Teachers in Gabon are on strike as part of their long campaign for a properly funded education service. The teachers were on strike last year but reached an agreement with the government which involved an increase in education funding. When the government failed to honour its side of the bargain, the strike was resumed in October 2016.

Students and parents as well as teachers have taken to the streets to demand that the government take action on school funding. The protesters were met with security forces using tear gas. Demonstrations were held in Paris against the complicity of the French government with these actions (see picture).

The general secretary of the teachers union SENA said: 'For 20 years, we have been denouncing the same structural problems in the management of the education system, (we are facing) a tense education situation, sometimes with over 200 students per class, the establishment of student rotations, both in primary and secondary education, with some students attending class in the morning, and others in the afternoon. In some cases, the children have to sit on the classroom floor'. The union leader also deplored the increasing privatisation of education in the country.

Like so many teachers in the global South, Gabonese teachers are facing conditions which would be completely unheard of for those if us who teach in the US, EU or UK, as well as corporate 'reform' policies like privatisation.. However again like so many of their colleagues, Gabonese teachers are fighting back. It is good to see our global federation Education International reporting this struggle in detail. Too many teachers' struggles go unreported, except on this website, even by EI.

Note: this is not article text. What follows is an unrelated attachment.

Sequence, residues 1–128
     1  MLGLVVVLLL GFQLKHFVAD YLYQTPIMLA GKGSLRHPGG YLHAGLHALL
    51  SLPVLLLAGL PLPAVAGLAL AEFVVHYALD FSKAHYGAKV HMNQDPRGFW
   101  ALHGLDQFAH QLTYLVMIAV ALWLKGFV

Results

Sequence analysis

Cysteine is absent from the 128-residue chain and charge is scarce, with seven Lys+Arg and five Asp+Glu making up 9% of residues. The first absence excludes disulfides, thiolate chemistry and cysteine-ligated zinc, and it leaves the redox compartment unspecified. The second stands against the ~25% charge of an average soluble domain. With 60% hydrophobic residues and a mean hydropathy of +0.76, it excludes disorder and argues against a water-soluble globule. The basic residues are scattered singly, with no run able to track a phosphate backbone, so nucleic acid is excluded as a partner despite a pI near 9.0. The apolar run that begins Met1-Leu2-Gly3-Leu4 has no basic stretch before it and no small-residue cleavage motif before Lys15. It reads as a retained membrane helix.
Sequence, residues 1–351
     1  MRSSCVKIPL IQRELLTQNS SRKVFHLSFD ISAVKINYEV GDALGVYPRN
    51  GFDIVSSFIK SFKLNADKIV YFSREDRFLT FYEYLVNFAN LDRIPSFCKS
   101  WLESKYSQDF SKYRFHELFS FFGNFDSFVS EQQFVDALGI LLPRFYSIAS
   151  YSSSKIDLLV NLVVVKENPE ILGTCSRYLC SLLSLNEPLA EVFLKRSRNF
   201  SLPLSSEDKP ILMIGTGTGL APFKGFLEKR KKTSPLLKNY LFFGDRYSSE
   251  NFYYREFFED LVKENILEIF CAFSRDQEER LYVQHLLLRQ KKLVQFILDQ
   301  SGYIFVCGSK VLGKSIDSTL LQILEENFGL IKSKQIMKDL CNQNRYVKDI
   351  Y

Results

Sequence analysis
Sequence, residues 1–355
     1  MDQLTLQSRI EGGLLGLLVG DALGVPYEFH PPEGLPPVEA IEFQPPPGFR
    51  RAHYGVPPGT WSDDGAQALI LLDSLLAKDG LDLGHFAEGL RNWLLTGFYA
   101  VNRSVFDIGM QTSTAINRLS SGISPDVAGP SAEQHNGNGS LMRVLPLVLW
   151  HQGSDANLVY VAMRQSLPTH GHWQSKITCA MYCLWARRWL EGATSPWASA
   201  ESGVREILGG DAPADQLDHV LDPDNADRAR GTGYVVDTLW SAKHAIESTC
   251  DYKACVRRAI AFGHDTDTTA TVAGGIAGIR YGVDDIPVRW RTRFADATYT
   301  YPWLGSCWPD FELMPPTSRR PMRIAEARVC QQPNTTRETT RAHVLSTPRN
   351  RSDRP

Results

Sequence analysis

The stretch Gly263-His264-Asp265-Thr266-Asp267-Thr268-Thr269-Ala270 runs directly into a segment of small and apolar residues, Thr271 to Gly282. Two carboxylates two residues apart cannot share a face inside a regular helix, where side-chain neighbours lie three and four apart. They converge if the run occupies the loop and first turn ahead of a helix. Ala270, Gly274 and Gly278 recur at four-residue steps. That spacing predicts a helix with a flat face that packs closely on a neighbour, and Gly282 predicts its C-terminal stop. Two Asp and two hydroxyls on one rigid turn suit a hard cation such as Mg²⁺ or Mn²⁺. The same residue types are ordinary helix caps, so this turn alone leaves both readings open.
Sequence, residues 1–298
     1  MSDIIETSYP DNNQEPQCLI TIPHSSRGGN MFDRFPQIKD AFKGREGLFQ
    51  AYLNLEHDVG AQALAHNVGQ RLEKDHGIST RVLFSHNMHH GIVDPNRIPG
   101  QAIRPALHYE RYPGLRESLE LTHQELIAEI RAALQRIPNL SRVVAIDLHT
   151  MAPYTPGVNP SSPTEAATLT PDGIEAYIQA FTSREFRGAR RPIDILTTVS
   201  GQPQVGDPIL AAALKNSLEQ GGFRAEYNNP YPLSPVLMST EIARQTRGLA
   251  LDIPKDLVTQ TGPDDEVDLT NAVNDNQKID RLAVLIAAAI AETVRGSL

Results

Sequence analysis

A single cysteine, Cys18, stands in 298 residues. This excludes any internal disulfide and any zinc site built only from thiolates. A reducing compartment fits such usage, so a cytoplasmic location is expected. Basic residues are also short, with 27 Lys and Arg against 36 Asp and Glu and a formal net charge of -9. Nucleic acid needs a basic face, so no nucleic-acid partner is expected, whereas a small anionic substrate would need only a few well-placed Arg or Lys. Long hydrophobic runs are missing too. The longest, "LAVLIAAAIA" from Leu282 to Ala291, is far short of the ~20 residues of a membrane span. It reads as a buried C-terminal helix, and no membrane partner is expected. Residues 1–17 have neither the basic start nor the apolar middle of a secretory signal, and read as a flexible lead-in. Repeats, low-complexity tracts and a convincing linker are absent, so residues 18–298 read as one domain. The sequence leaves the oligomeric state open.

Gabon has one of the highest average per capita incomes in Africa, yet a large proportion of the population is living in poverty, including teachers. Average life expectancy is only 52 years. It has rich mineral reserves, including oil and manganese but these are syphoned off partly by an elite group, led by the President Ali Bongo and his coterie, who took over from his father as ruler of the country in 2009, and partly by global corporations. These bodies enjoy areas of the country where there is full tax exemption for ten years, 'relaxed' labour laws and energy at 50% of the price, which consumers have to pay. No wonder the US Central Intelligence Agency praises Bongo in its 'factbook' for, "taking steps to make Gabon a more attractive investment destination"